- Deputy Thomas P. Broughan asked the Minister for Transport, Tourism and Sport the status of the metro north project, including if he will bring the start date forward; and if he will make a statement on the matter. [15607/16]
Deputy Thomas P. Broughan: I wish the Minister well and thank him for meeting the very important road safety groups in recent weeks and committing to a programme of action in this area. On the question before us, which is about metro north, as the Minister knows the north and west sides of Dublin and Fingal were totally shafted in the planning and construction of the Luas. There was to be a north side line but it never happened. Here we are 15 or 20 years later trying to get the whole project back on track. We had a pre-election promise from Fine Gael last September that metro north would happen and now we are told it will be in 2025 or 2026. Many things will have happened by 2026. What is the Minister doing in 2016 to get metro north, a fixed line connection between O’Connell Street and Swords and the airport, under way?
Deputy Shane Ross: I thank Deputy Broughan for his remarks about meeting the road safety group, whose cause I know he has championed for so long. We had a very constructive discussion. The group has done a huge amount of homework and has much to offer in this particular area through tragic personal experience I know but all the same, it is something which may prevent accidents of the sort they have suffered happening again.
The programme for Government includes a commitment to proceed with the new metro north project and funding is provided in the capital plan, Building on Recovery: Infrastructure and Capital Investment 2016-2021, to facilitate construction of the link commencing in 2021 with a view to delivery by 2026 to 2027.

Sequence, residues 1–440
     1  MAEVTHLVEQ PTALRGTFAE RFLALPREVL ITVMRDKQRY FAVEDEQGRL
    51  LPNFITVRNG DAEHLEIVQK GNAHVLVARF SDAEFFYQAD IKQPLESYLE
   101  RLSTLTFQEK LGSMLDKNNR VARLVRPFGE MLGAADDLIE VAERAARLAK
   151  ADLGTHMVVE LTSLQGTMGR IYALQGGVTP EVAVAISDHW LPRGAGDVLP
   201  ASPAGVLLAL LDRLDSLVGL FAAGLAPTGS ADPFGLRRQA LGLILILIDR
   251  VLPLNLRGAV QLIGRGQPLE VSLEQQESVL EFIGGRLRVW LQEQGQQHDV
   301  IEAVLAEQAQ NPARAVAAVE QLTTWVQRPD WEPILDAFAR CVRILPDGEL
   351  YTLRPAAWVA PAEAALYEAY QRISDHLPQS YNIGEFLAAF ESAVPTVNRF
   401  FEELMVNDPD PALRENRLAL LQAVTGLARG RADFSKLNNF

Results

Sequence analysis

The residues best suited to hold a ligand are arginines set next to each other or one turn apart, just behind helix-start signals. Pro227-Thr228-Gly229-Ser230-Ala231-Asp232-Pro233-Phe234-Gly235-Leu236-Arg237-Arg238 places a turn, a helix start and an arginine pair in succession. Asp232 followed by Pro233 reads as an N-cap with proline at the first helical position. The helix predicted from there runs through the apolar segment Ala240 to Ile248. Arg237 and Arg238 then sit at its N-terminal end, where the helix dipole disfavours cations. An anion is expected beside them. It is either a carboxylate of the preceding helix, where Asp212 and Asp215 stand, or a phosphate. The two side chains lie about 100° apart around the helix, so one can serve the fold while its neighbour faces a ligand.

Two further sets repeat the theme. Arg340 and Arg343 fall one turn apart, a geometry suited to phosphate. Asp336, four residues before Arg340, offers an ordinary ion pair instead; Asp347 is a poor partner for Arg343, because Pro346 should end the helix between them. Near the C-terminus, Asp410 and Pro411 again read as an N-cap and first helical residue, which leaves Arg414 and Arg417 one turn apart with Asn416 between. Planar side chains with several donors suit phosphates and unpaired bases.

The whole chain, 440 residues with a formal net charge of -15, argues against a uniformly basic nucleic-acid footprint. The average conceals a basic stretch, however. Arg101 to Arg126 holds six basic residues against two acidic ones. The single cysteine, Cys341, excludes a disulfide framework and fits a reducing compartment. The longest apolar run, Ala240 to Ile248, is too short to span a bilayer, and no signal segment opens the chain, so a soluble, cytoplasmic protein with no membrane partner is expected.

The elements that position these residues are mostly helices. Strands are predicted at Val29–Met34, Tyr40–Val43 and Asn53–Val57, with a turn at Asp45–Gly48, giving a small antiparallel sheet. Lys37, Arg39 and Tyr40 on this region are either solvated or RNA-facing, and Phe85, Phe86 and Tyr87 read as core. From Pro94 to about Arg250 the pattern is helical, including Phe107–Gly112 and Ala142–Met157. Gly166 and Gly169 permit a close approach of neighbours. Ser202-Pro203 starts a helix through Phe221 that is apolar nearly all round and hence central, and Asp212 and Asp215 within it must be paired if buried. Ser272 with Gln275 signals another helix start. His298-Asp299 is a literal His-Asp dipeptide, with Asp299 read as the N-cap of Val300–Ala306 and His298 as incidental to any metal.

The funding constraints that existed when the capital plan was being developed, and which continue to exist, mean that we are not in a position to deliver all that is required immediately. The first priority has to be ensuring that we maintain our existing transport infrastructure at what is termed steady state levels, so that it remains safe and fit for purpose after a significant period of underinvestment during the financial crisis. The funding that is being provided in the capital plan for public transport investment will see us reach steady state funding levels by 2020. In addition, funding is provided to commence critical transport projects, such as new metro north, to meet growing demand.
The National Transport Authority, NTA, and Transport Infrastructure Ireland, TII, have commenced preparatory work on the planning and design of new metro north and a dedicated project steering group has been established. In the meantime, the NTA has been asked to keep under review the interim public transport requirements of the Swords and airport corridor over the next ten years, with a view to ensuring adequate capacity to meet demand and to address constraints arising along the corridor.
In the event that additional funding becomes available in the next few years, the groundwork that is being done will position us to progress the project in line with available funding.